No Reservations

DEAR PENG, you're born in Ireland to Singaporean parents. While the family returns to Singapore during your childhood, you spend most of your formative years living in Dublin, where you attend boarding school. You find the city interesting and love it, despite the cold, wet weather. After you do your National Service in Singapore, you head back to the UK to study law and complete your bar exams, only to return to Singapore again in 1997 to become a corporate litigator. It's not a fun time to be in the country, as it's the tail end of the Asian financial crisis and the country is in a recession. 

You spend your days doing a lot of bankruptcy work and find it tough because, in some instances, you're picking through people's broken lives. As a young lawyer, it's a pretty big shock, especially when you've been watching shows like Ally McBeal. You think to yourself, "Wait, this is not what I signed up for." But from this negativity, something unexpected will come. You see a run-down building on Keong Saik Road in a notorious red-light district in Singapore's Chinatown. It's a foreclosed property that was passed in at auction three or four times, probably because it's a former brothel and is in a rough condition. 

But you see potential in it — the architecture is great and you find the neighbourhood interesting. Plus, it's going for a song. So you buy it, with plans to rent it out. Unfortunately things don't go according to plan and you soon find no one wants to touch it. You wonder what to do; your idea to take some time off work and turn it into a hotel has legs — go with that. You still have your corporate lawyer job to fall back on if it doesn't take off. 
That's how Hotel 1929 is born, and with it comes Unlisted Collection — the umbrella brand that will eventually comprise seven design-led boutique hotel properties and 20 restaurants in Singapore, London, Shanghai and Sydney.

At the moment it's impossible for you to fathom, but believe me when I tell you that, in 2015, you'll be sitting in Sydney in a former pub turned convivial corner bar for international guests and locals alike, chatting to journalists about its conversion into the ambitious Old Clare Hotel development.

It's bound to be loved by locals, just as Hotel 1929 is. That initial project is Singapore's first boutique accommodation offering and garners you huge press attention and a bunch of awards, including the New Tourism Entrepreneur Award from the Singapore Tourism Board. It always cracks you up because it's a small 32-room hotel surrounded by brothels that becomes the city's most fashionable hotel destination.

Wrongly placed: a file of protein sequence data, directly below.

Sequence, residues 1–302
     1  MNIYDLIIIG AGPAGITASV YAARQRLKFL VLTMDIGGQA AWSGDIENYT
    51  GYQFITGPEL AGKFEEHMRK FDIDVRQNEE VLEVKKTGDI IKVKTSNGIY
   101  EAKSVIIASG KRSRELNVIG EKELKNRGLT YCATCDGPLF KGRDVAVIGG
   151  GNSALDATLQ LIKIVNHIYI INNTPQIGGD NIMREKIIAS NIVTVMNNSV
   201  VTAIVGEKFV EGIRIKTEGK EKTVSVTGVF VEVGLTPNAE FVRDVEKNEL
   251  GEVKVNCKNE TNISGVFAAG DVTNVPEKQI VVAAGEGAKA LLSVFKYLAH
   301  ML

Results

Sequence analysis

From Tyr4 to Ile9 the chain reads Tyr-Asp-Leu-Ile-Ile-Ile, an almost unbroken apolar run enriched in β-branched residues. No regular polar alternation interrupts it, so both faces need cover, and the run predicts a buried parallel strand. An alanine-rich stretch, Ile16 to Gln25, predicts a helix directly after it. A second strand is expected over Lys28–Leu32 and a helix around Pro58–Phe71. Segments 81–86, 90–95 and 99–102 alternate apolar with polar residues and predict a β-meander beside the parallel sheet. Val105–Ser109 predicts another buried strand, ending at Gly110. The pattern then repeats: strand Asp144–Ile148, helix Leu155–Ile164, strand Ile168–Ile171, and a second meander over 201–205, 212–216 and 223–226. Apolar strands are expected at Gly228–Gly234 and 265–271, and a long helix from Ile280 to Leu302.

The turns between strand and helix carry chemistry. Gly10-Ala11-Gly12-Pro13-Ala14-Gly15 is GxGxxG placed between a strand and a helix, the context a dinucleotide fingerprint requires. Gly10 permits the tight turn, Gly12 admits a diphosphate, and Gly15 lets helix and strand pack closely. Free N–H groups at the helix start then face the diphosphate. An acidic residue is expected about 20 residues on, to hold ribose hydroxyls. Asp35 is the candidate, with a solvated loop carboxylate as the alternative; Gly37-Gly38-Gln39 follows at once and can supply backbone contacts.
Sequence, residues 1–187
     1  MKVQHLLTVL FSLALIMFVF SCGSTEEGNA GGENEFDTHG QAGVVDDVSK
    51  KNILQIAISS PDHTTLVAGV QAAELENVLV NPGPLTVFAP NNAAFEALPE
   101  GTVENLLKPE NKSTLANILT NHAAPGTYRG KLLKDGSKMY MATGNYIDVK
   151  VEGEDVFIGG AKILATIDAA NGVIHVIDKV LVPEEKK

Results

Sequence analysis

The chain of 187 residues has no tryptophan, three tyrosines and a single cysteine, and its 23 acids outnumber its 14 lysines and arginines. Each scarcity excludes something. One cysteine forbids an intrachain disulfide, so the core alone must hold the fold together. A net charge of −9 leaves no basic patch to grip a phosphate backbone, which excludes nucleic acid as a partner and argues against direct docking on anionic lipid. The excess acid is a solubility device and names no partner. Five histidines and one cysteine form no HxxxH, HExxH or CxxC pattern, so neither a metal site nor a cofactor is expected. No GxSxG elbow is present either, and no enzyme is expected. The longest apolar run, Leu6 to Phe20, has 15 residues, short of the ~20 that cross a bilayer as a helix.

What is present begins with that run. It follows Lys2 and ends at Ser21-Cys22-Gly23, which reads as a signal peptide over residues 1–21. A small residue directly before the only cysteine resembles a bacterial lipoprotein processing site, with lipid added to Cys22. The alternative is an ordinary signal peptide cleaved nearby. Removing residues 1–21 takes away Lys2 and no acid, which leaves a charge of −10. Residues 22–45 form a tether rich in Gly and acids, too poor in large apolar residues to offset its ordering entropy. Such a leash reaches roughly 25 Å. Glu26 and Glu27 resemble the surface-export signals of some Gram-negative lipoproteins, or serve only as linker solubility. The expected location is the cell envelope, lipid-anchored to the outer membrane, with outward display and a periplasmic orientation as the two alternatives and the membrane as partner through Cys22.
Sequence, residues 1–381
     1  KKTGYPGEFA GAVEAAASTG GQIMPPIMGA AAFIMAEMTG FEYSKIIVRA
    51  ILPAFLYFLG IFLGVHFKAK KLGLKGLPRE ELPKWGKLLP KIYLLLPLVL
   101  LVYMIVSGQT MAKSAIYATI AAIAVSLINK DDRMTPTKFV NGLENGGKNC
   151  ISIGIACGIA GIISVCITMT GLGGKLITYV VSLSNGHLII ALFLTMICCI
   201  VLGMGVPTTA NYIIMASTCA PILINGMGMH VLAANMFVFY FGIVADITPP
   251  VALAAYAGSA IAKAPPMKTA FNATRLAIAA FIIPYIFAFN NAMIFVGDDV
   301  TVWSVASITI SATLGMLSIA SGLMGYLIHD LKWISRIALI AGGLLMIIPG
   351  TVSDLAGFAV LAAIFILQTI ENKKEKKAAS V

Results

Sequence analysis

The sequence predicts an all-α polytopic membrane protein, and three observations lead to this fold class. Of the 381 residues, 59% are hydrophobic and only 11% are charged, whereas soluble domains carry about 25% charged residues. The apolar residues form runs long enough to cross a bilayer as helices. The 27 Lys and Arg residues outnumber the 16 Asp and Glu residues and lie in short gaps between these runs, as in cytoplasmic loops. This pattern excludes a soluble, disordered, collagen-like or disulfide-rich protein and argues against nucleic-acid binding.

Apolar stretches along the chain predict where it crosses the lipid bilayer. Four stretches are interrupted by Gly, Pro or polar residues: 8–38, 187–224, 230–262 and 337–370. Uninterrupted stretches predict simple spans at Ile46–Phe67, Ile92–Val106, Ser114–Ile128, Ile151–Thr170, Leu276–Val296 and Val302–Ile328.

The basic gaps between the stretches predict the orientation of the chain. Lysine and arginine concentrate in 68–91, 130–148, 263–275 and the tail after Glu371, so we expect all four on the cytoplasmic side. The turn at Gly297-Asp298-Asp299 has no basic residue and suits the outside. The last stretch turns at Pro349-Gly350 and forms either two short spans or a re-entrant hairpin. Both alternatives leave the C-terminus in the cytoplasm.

And that is when you realise your brand's secret to success. You continue to create exciting hotels by going into gritty, nontouristy neighbourhoods — places where locals hang out — and transforming old character-filled buildings with new designs that pay respect to the building's history. It's a formula you replicate in Shanghai and London, and should be something you always follow. The one time you don't is the time you'll fail.

In late 2012, you buy chef Fergus Henderson's Michelinstarred St John Hotel in London's Leicester Square and rebrand it as One Leicester Street. Although the hotel does well, and the restaurant is critically acclaimed, you never truly understand the neighbourhood. Yes, it's a busy spot, but it's in a tourist hub and the people who frequent the area want to eat cheap food. You learn a big lesson from that project — it doesn't matter if your hotel is situated in the busiest place in the world, if it's the wrong crowd, it won't work. Simply put, your brand doesn't suit tourist neighbourhoods.

Stick to those areas you like hanging out in and setting up restaurants you want to eat in — places such as Esquina and Pollen in Singapore, The Commune Social in Shanghai as well as Typing Room in London. And partner with good chefs, such as Jason Atherton and Sebastian Ng.

You start working with Ng in 2002, when he runs your first restaurant, Ember, at Hotel 1929. He's one of Singapore's hottest chefs and his decision to follow you to the Keong Saik Road eatery sets you on a different path — one as a restaurateur. It's a crazy concept, as you're a lawyer, but just go with it. You can always go back to the profession if things don't work out, right?

In The Neighbourhood